Having a Goal Is Not the Same as Having a Strategy. Here’s Why

Having a Goal Is Not the Same as Having a Strategy. Here’s Why

One of my favorite aspects of being a business coach is working with leadership teams on strategy development. Strategy defines how you will approach the market and differentiate yourself. Without a clear strategy, you will be dependent on trends and the forces of your market. Unfortunately, many people confuse setting a goal with having a

One of my favorite aspects of being a business coach is working with leadership teams on strategy development. Strategy defines how you will approach the market and differentiate yourself. Without a clear strategy, you will be dependent on trends and the forces of your market.

Unfortunately, many people confuse setting a goal with having a strategy. A goal is a target you want to hit. For example, become a $100 million dollar company or make the Inc. 5000 list. A strategy is how you’re doing to do that. It defines the set of choices and moves that you’re going to make over a period of time to achieve that goal.

Here are the three basic steps for developing your strategic direction and plan.

1. Make predictions about the future.

The first thing you need to do in any strategic planning effort is to predict future trends. The key here is to be able to read the current market, industry, and macro trends that are at play and extrapolate them into the future.

I typically start with the immediate market trends that our company sees based on the work we are doing with current customers. By identifying what is impacting our customers’ businesses, we can determine what is going to impact our business by servicing them.

Next, look at broader industry trends that are changing the nature of how your type of business is conducted. This could be changes in technology, regulations, market saturation, and increasing or decreasing demands. For example, I work with many companies in the cannabis industry and the pending change in federal legalization will have a major impact on how they conduct business as well as the industry as a whole.

Finally, we map out general macro trends. This includes changes to the economy, interest rates, and social and cultural fads and events. These types of trends will affect all businesses over time. For example, the trend toward using mobile devices rather than desktop computers has impacted just about every aspect of our culture.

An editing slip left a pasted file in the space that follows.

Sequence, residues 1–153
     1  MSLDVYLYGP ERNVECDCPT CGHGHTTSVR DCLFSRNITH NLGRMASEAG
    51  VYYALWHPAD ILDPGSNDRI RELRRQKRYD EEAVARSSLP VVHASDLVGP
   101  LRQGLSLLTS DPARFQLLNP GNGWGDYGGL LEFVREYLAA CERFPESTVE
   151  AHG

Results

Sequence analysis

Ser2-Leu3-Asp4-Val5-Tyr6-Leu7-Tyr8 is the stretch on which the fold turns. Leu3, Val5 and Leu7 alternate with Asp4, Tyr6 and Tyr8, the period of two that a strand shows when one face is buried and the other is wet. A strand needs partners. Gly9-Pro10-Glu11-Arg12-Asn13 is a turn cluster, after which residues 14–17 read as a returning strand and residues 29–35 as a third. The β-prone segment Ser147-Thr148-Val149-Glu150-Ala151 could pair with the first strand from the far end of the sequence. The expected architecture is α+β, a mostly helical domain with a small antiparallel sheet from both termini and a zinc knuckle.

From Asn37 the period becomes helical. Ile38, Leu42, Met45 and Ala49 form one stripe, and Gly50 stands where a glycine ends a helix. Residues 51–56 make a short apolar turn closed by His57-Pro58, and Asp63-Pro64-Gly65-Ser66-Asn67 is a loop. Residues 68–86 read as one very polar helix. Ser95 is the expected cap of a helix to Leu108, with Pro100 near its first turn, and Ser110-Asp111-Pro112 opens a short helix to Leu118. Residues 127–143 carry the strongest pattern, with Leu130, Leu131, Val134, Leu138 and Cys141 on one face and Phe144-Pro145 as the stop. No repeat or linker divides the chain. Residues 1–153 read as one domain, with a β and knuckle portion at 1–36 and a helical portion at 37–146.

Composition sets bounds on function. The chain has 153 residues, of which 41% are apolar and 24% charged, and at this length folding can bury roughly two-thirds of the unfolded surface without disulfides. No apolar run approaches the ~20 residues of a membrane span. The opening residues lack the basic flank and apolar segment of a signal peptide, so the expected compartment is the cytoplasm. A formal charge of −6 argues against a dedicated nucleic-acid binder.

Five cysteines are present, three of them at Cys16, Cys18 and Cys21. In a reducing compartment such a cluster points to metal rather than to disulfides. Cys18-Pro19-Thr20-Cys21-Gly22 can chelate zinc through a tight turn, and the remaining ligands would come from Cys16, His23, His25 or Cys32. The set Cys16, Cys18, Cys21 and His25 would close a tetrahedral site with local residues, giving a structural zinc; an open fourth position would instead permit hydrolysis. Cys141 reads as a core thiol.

2. Decide on a key set of moves.

Once you have your market assessment, you can start developing your key moves. Essentially, these are the ways you are going to respond to the pending changes in the market that will put you in the best position for your business and your customers.

When Wayne Gretzky was asked what made him such a good hockey player, he famously replied that he didn’t chase the puck. Instead, he figured out where the puck was going to be and he skated there before anyone else. He read the situation and positioned himself to make the right play.

Too many companies just chase the puck. Like Wayne Gretzky did when playing hockey, your company will anticipate what is next in order to make the moves needed to succeed.

3. Define your critical capabilities and policies.

Once you have planned your moves, you need to define the capabilities and policies that will allow you to implement those moves. These are the core capabilities you need to develop and the actions you are going to take, and, more importantly, the actions you are not going to take.

For example, if you are going to move upmarket and serve a higher-end client, you may need to develop leads through a different channel, improve your customer service, adjust your pricing models, or change your qualification processes.

I like to work with companies to develop a twelve quarter roadmap that prioritizes what needs to happen each three-month period over the course of three years. We set targets for each period for the key metrics of the business. This includes revenue and cash on hand, but it also includes factors like leads, pipeline, production units, clients, and people. The goal is to set a clear picture of what the company will look like at each step.

Once that is mapped out, we then look at the projects and tasks that need to be completed each quarter to make the new strategy relative. This includes all of the milestones for the capabilities and policies defined in step three. This sets clear goals for implementing strategy on a quarter-by-quarter basis.

This last step is what most companies miss. They come up with a brilliant strategy, but fail to create a realistic plan for how to implement it. By setting quarterly targets and milestones, you have a perfect tool for driving your quarterly planning process.

Of course, like all well-laid plans, things will change. But with a clear set of predictions, moves, and key capabilities defined, you can quickly update your strategic model and decide how you are going to respond and what needs to change.

The opinions expressed here by Inc.com columnists are their own, not those of Inc.com.

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